But back to my keeping an open mind. I had a conversation about ivermectin with someone, who proffers many alternative theories about COVID-19, how not to get it, how to cure it, and the evils of vaccines. I really didn’t want to engage in yet another conversation where the person I was talking with hadn’t done any background research to validate the statements they were making. I hadn’t done any specific research either and wasn’t in a position to investigate anything at the time. I also had a degree of scepticism about how a drug that kills intestinal parasites could be useful in killing a virus – they are quite different biota. So I didn’t actually have a conversation, I just said I didn’t want to talk about it and stopped engaging.
However, the ivermectin debate kept niggling in the back of my brain. Ivermectin is widely used to dose livestock for worms, and is used in humans, with great success in combatting ‘River Blindness’ and elephantiasis in Africa (amongst other conditions). Its mode of action is effective on worms and insects, but the chemical pathway it affects doesn’t exist in humans, which is why it has been a very safe drug to use. Safe doesn’t mean effective, however, and I could find nothing about why ivermectin might influence COVID outcomes positively, despite there being 10s of studies claiming it has been effective. Moreover, two of the largest of trials investigating ivermectin found it had no effect and another well cited paper was withdrawn as it was found to be fraudulent.
I couldn’t find positive evidence for ivermectin, that is, until I came across an article in the Economist that suggests an explanation. A blogger and a US dermatologist did their own analysis of the multiple studies on use of ivermectin on COVID-19 patients. They propose that ivermectin reduces COVID-19 deaths in countries where intestinal worms are prevalent. In the figure below, the upper panel shows countries where there are lower than average parasitic worms (focusing on threadworm); treatment of COVID-19 patients with ivermectin generally had little effect or slightly increased death risk. In the lower panel, countries with above average parasitic worm prevalence all had significantly lower death risks when COVID-19 patients were treated with ivermectin.
There’s another link in this puzzle – if someone with parasitic worms takes steroids, their immune system is depressed, allowing the worms to multiply. Presence of common parasitic worms can cause weight loss and fatigue, but they are only a critical threat if their numbers grow out of control, as can happen if people are dosed with steroids. Steroids are a common treatment for COVID-19. So it could be that ivermectin treatment reduces worm loads in people’s guts; if they get treated for COVID-19 they are less likely to die because the worms don’t get out of control. This explanation could also be the reason why many trials of ivermectin are proving inconclusive – ivermectin is only going to be relevant where people have a significant burden of parasitic worms. If people with worms are not separated from those without worms in the data analysis, there will be no conclusive result.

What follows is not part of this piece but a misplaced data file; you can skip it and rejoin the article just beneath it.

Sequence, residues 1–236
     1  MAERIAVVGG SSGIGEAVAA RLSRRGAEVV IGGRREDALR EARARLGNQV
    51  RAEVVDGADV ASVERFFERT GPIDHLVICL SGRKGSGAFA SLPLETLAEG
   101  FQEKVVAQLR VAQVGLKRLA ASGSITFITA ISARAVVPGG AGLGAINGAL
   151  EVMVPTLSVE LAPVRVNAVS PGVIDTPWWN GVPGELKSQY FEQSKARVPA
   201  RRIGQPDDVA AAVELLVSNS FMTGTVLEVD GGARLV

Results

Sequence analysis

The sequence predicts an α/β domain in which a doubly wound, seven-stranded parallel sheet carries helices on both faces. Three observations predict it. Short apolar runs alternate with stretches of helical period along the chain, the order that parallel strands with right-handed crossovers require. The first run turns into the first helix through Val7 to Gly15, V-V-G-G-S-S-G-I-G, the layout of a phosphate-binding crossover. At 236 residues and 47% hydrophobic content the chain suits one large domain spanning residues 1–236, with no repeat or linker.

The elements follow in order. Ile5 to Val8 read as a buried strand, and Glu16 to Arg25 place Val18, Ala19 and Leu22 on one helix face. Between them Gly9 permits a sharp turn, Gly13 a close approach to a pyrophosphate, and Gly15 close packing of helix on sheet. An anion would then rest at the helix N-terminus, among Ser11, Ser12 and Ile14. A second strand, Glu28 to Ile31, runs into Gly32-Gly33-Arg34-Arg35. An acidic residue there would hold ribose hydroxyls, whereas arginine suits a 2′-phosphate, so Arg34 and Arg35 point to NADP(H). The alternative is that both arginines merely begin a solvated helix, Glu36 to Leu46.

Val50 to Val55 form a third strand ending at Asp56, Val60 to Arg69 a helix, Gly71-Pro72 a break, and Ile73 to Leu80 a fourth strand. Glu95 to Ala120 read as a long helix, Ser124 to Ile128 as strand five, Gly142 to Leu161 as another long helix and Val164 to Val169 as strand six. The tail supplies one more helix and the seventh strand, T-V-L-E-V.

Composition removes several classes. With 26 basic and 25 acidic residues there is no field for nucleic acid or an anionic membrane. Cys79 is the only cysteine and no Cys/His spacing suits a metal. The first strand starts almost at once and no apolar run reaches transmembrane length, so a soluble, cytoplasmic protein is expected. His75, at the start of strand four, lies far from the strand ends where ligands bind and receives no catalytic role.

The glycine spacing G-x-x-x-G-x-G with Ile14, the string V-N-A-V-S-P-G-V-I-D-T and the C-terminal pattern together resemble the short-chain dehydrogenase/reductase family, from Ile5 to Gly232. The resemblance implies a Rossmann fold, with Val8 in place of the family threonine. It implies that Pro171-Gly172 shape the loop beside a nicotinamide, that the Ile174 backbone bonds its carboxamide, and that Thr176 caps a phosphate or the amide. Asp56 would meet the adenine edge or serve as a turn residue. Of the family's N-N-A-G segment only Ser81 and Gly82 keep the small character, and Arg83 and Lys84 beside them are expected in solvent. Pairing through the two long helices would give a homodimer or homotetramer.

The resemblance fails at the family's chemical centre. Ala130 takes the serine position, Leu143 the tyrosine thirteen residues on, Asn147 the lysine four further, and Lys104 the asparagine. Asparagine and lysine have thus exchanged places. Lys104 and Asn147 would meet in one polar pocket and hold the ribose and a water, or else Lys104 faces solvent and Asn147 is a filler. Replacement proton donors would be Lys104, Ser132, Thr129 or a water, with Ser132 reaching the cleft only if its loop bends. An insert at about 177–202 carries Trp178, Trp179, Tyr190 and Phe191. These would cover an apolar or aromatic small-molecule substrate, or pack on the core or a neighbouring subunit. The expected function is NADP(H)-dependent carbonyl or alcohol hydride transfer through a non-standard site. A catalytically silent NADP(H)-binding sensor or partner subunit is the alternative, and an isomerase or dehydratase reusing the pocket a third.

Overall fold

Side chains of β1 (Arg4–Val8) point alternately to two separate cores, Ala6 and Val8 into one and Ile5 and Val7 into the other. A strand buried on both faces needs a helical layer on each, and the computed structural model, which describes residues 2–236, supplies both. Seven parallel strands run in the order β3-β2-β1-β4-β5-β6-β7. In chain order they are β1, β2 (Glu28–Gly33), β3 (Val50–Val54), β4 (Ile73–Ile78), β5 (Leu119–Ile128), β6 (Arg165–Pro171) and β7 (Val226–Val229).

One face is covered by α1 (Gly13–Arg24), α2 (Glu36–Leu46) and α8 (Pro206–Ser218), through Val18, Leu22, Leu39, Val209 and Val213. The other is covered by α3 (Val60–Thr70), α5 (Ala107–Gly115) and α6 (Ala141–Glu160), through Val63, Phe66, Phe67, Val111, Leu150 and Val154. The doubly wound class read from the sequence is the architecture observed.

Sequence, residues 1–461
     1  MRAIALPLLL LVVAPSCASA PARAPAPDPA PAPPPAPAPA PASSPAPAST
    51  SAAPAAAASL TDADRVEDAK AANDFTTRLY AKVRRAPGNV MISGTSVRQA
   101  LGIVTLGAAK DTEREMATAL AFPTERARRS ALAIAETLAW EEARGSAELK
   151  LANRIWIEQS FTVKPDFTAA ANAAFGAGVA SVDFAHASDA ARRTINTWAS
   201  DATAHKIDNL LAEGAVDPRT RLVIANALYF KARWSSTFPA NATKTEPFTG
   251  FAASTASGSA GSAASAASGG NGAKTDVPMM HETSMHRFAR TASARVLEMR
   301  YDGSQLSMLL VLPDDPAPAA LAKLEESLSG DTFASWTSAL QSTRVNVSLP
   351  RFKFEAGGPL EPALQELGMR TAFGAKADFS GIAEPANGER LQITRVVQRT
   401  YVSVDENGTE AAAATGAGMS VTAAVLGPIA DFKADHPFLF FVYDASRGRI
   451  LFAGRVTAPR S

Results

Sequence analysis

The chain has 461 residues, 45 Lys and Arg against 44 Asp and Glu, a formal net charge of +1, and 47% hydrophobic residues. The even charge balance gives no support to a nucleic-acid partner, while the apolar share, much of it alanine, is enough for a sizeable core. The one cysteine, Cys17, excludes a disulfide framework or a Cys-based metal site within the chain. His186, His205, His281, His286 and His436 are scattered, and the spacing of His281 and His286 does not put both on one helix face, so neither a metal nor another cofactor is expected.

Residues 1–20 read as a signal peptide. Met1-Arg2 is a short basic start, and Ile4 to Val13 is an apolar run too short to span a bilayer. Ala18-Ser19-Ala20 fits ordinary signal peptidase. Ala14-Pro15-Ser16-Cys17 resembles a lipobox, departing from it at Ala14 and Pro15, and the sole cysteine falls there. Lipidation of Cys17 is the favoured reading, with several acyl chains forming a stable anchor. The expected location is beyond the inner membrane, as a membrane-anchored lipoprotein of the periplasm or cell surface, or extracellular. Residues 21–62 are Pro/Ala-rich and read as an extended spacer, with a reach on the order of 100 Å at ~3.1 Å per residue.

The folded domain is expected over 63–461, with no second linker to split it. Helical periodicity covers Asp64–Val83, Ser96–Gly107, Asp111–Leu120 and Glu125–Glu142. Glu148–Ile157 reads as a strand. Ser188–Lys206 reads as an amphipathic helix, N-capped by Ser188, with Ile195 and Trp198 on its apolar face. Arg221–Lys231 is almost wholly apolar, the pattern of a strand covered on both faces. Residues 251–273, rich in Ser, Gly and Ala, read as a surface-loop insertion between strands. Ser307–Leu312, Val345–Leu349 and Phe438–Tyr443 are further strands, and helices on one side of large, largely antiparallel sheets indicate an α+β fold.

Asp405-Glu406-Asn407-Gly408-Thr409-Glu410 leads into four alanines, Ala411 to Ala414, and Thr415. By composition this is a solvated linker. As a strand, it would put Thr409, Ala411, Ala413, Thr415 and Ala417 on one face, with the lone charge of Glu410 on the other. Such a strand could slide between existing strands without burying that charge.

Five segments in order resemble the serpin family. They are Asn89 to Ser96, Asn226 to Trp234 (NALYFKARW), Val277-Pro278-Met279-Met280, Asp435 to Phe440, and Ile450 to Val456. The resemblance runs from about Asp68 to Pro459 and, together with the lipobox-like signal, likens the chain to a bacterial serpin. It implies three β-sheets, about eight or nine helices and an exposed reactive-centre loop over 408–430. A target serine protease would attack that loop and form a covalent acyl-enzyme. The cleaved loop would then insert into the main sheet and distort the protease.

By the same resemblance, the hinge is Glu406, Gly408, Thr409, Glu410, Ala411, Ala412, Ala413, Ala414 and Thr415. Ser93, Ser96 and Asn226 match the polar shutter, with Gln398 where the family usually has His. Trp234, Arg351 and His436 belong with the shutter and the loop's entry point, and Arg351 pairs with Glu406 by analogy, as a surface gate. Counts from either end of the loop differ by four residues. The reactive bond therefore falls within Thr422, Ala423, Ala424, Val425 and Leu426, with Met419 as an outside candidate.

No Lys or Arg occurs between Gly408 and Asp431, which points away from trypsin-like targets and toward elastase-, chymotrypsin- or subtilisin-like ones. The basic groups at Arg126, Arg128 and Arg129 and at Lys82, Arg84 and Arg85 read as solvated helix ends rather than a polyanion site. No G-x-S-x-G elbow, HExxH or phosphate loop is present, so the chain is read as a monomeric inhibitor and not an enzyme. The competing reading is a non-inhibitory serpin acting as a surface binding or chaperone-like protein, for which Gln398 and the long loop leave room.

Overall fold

For those of us in New Zealand we are unlikely to need ivermectin to prevent us dying from COVID-19. The common pharmaceutical used in New Zealand to treat threadworm is actually Vermox (Vermox is the brand name, mebendazole is the chemical ingredient) – I imagine most of you reading this have used it at some point or other, quite possibly when you had children around bringing threadworm home. Vaccines are likely to be a much better approach to preventing getting very sick or hospitalised but, you can always have both if you are concerned, as one dose of Vermox knocks your threadworms dead.
Frogs and ivermectin were timely reminders for me that, even when I think I have reason not to believe something I’m being told, I should check it out before discounting it. And just as importantly, if you think you have reason to believe something, check it out too! We humans make mistakes in all directions.